By Patrick Skarr, Account Supervisor
The ever growing collection of campaign signs on the corners of busy intersections can mean only one thing, the election is just a few weeks away. So in the coming weeks as candidates and campaign volunteers sneak out to litter our streets with signs of campaign strength and support, too many are overlooking the easier tools of voter engagement available at their fingertips.
National campaigns are refining their skills and enhance the weapons of propaganda, in traditional, non-traditional and social media spheres. Google, Twitter, Facebook and eVoter are several companies focused on staking their claim as helpful and efficient tools for campaigns.
The successes and failures of this cycle will provide strategists with a wealth of data to shape future decisions on campaign budgets, messaging strategies and how best to engage the electorate for their particular race.
Before the first ballot of 2012 was cast, Google launched their election center to provide citizens, media, political scientists and candidates with information that only Google can provide. Its trends tracker is providing information on an evolving basis about what citizens are searching, what they care about and the volume of searches about specific candidates.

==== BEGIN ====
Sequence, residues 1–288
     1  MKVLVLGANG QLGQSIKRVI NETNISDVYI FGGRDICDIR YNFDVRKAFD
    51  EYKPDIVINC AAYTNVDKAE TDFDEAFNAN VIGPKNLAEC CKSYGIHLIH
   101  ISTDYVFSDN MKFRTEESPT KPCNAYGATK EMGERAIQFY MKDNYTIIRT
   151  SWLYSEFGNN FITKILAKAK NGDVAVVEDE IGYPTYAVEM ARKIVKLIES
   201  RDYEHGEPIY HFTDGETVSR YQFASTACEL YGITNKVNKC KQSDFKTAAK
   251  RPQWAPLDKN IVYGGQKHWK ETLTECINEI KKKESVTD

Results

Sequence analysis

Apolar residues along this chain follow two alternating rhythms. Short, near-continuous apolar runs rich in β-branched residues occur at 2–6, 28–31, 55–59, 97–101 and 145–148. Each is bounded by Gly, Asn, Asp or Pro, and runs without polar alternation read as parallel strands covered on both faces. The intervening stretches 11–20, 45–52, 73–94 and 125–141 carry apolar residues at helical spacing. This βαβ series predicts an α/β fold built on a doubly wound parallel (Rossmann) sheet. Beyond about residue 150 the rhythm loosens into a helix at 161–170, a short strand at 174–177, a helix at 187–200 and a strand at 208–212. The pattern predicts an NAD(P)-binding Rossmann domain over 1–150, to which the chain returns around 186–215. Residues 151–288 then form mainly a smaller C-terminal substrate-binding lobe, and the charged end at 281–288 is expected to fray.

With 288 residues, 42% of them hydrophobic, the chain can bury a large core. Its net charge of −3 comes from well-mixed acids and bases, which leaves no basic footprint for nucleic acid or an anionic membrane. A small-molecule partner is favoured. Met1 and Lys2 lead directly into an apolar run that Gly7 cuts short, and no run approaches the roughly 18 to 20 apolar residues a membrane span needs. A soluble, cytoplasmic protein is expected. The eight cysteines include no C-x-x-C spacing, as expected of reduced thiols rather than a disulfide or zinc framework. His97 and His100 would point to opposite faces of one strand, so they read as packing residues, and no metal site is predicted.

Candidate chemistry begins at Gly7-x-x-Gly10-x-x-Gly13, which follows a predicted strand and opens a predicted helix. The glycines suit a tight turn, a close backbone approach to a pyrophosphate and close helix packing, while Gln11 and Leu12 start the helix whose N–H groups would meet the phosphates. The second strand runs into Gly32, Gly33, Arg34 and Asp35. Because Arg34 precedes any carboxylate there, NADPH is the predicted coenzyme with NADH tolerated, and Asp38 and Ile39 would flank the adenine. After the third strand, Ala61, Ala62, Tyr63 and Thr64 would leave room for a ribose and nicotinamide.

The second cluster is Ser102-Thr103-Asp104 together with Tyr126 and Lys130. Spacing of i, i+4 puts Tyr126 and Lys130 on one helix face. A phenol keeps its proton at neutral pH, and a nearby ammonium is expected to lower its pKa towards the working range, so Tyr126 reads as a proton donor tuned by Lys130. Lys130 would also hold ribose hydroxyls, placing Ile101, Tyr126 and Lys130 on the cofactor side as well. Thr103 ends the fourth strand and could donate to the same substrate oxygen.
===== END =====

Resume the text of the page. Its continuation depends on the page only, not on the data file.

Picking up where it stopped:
Candidates, volunteers and friends of campaigns, shouldn’t overlook the powerful tools they have at their disposal through the analytics provided by companies like Google and Facebook.
Local candidates, often self-funding their campaigns are reluctant to accept the reality that they will need to make a few mistakes along the way. If you’ve put your spring break fund into your mailer, you’ll certainly be upset if it is a flop. But, local campaigns need to embrace the online tools available to them, and engage early and often with their voting electorate.
In my opinion, Google’s Ad Words product is by far the easiest and broadest tool available for use. I personally enjoy this product because it also serves as a monitor of what the electorate is thinking, by way of what they are searching. Through the analytics provided, you can also quickly and efficiently test your campaign messages.
Polling is a wonderful tool for candidates. You can test messages in the field, determine an opponent’s weakness, or even push a poll to help shape a narrative. However, polling, done right is wonderfully expensive. So expensive, that it prohibits a number of campaigns, at the local, regional and district level, from commissioning them on a regular basis.
Through use of voter engagement tools provided online, the ability to monitor, track and spread your campaign message to the masses has never been easier.
Traditionalists, campaign aides and pollsters, will argue there are ample flaws with simply taking the data from Google Insights for Search or Twitter, and drawing any major conclusions. I agree with them.
Search trends, the number of Facebook friends and Twitter mentions do not directly translate into likely voter behavior. Staking your campaign on an online approach only is not a good idea, but then again, any campaign that has only one strategy, doesn’t have a strategy at all.
Embracing these technologies should be a complement to any campaign’s strategy, regardless of the office they are running for. Campaigns and candidates need to find space in their budget. To be successful in 2012 a candidate needs to have a coherent plane for online and social media based voter engagement.